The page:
The unsurpassable brilliance of The West Wing

Apparently Season 8 of 24 is about to start; I really could care less. To be honest, I find it difficult to care much about any TV drama that isn’t The West Wing. Taste the best and anything else seems like a waste of time.

For the unaware, The West Wing is set in a fictional White House, revolving around the life and careers of the President of America and his senior staff. This White House is a left-leaning Camelot, a fantasy oasis for those parched by the reality George W Bush. I don’t agree with all that they believe but that really isn’t the point.

I remember discovering the show, with the help of The Sunday Times. One bored Sunday at university I read in the TV section of the paper about a new American political drama being broadcast for the first time that night. I watched, and was hooked. No-one else I knew was watching it, giving a self-righteous air of exclusivity but ultimately frustration that I had no-one to say, ‘Wasn’t that amazing?!’ to. This loneliness subsided over the series but then came controversy…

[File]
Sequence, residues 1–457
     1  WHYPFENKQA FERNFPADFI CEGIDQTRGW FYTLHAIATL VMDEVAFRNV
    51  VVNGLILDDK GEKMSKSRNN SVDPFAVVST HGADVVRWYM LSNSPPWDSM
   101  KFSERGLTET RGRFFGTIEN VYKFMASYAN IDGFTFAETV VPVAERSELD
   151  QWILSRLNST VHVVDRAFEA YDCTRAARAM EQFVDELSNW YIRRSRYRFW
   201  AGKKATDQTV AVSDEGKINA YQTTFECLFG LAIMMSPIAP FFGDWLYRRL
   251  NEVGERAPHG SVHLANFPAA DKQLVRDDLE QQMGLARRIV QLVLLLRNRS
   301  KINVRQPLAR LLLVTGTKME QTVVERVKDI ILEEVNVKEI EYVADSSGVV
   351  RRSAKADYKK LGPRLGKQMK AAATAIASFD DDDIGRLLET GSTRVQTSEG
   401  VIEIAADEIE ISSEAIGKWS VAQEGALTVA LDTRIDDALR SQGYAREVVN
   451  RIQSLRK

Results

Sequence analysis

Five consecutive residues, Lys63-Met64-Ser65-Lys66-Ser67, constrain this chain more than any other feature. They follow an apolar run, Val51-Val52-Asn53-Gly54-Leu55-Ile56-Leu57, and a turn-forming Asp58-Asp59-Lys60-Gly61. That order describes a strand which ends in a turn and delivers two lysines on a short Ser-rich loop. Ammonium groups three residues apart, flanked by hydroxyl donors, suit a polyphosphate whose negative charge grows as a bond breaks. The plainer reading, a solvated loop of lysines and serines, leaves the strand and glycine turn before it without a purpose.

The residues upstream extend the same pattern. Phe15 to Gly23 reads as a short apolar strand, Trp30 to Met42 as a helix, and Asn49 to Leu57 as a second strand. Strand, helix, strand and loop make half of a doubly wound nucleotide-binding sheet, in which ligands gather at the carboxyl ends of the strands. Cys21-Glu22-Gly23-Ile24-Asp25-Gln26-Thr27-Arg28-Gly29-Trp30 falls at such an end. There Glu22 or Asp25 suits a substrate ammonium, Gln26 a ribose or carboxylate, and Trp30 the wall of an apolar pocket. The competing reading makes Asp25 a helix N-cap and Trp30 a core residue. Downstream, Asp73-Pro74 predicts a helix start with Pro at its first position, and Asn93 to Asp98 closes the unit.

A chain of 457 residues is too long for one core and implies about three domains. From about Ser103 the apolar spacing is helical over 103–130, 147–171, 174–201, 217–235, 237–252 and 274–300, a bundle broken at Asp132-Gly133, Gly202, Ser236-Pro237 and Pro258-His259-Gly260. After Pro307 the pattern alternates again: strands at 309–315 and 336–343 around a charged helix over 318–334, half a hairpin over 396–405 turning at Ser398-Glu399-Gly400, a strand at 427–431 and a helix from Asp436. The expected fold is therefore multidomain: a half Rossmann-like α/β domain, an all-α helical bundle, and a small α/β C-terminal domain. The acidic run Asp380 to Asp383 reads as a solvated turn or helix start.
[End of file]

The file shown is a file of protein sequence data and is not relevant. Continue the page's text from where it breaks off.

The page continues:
I didn’t make it past the end of series four. After the departure of creator Aaron Sorkin I felt that the quality diminished. It was probably still better than pretty much anything else on but I didn’t want to see it a shadow of its former self. It felt as wrong as watching George Best playing for Bournemouth having seen him in his United pomp. So I bought series one to three, and they are enough.

I bring this up because Debbie and I spent some of our Christmas holiday watching series two. There’s nothing like it. Perfectly-drawn characters, dialogue that’s nearly too quick to comprehend, exquisite comedy and pathetic tragedy, a (misplaced perhaps) sense of righteousness, and an unapologetic celebration and justification of loquaciousness. It is art at its finest: soaring, stirring, beautiful, provoking. Episodes end and I want to shout with exhilaration, and then go out and change the world. Deb prefers to just watch another episode, which is what we usually settle for.

Perhaps this time I’ll be persuaded to keep watching (no spoilers, please). But whatever we decide, the box-sets of the first three series will still be on my shelves. And, frankly, Jack, you’re don’t have a place there, or in my heart.


If you don’t already know the show, the clip below won’t make much sense but if you do, you’re welcome. Cue Dire Straits…